This chapter sets out the purpose of Schedule 3, how this applies in practice, and how a human rights assessment can be undertaken.
2.1 What is the purpose of Schedule 3?
Section 54 and Schedule 3 of the Nationality, Immigration and Asylum Act 2002 place a bar on the provision of social services’ support to a person who is ‘in breach of immigration laws’ (i.e. is without lawful status in the UK), unless such assistance is necessary to prevent a breach of human rights.
A decision that compels a person to sleep rough, or to be without food, shelter or funds, usually amounts to inhuman treatment and therefore engages Article 3 of the European Convention on Human Rights (the right not to be subject to torture, or inhuman or degrading treatment) (see: R (Limbuela) v Secretary of State for the Home Department  UKHL 66).
In the case of R (Kimani) v London Borough of Lambeth (2003) EWCA Civ 1150, the Court of Appeal found that ‘a State owes no duty under the Convention to provide support to foreign nationals who are permitted to enter their territory but who are in a position freely to return home’.
When the local authority establishes that a person’s needs must be met by the provision of accommodation and financial support, the failure to provide such support is highly likely to lead to the person suffering a breach of Article 3. When the person is in an excluded group, the local authority is entitled to consider whether the person can reasonably be expected to return to their country of origin to avoid a human rights breach arising from their destitution in the UK (see: Birmingham City Council v Clue  EWCA Civ 460).
Therefore, when a person who is ‘in breach of immigration laws’ qualifies for social services’ support, Schedule 3 requires the local authority to determine whether they can be reasonably expected to return to their country of origin to avoid a breach of human rights arising from their destitution in the UK.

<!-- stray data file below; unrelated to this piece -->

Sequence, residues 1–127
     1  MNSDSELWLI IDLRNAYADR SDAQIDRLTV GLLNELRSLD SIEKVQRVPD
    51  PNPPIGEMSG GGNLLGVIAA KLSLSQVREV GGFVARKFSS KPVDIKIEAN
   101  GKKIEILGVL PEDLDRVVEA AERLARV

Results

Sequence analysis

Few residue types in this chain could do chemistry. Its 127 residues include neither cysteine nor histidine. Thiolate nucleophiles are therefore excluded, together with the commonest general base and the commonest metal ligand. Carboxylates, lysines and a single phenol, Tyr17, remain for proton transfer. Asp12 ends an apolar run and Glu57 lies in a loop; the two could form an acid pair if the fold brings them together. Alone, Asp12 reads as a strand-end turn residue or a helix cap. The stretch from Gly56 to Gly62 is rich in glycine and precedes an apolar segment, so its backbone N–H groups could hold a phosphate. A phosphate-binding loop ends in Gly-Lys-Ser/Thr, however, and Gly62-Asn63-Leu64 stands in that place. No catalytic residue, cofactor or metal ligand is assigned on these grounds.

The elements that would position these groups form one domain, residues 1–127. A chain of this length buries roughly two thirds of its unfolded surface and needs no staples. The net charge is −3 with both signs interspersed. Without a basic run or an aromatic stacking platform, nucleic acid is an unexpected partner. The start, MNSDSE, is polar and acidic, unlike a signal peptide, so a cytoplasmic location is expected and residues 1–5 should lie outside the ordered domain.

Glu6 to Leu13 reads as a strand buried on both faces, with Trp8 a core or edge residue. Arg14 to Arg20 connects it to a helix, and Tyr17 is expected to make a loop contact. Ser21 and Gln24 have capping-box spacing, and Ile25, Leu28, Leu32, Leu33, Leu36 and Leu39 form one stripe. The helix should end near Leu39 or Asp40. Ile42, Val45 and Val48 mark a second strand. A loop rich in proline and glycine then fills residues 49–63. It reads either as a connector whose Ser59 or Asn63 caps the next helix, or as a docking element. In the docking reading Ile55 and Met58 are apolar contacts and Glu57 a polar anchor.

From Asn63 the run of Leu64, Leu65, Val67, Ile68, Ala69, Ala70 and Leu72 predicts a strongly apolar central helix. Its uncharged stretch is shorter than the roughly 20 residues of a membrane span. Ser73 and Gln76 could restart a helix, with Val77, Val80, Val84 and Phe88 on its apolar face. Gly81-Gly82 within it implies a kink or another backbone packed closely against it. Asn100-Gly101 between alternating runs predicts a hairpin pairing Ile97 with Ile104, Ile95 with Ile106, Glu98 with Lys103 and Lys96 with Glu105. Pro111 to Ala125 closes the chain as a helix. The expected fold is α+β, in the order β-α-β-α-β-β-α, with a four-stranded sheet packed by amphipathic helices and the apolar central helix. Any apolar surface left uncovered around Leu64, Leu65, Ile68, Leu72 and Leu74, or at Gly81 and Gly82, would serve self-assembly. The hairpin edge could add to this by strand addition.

When the local authority concludes that the person can freely return to their country of origin to avoid a breach of Article 3, it will not be required to provide support but may offer assistance with return and ongoing accommodation and financial support whilst travel arrangements are made. The local authority will not be responsible for a breach of human rights if a person is denied support when they could return to their country of origin to avoid destitution in the UK (see: R(AW) v London Borough of Croydon  EWHC Civ 266).
2.2 How does Schedule 3 apply in practice?
The local authority will need to undertake a human rights assessment in order to establish whether there are any barriers preventing return. When a barrier to return is identified, the bar on providing support can be lifted.
A human rights assessment should only be undertaken when the following three tests are met:
- The person qualifies for social services’ support by meeting the usual eligibility criteria.
- The failure to provide social services’ support, when a person qualifies for this, would leave the person destitute in the UK and at risk of suffering an Article 3 breach.
- The person is ‘in breach of immigration laws’ or is in another excluded group.
For more information about these tests, see chapter 3 of this guidance.
When a barrier to return is identified, the bar on providing accommodation and financial support will be lifted and social services’ support can be provided, although this will need to be subject to regular review.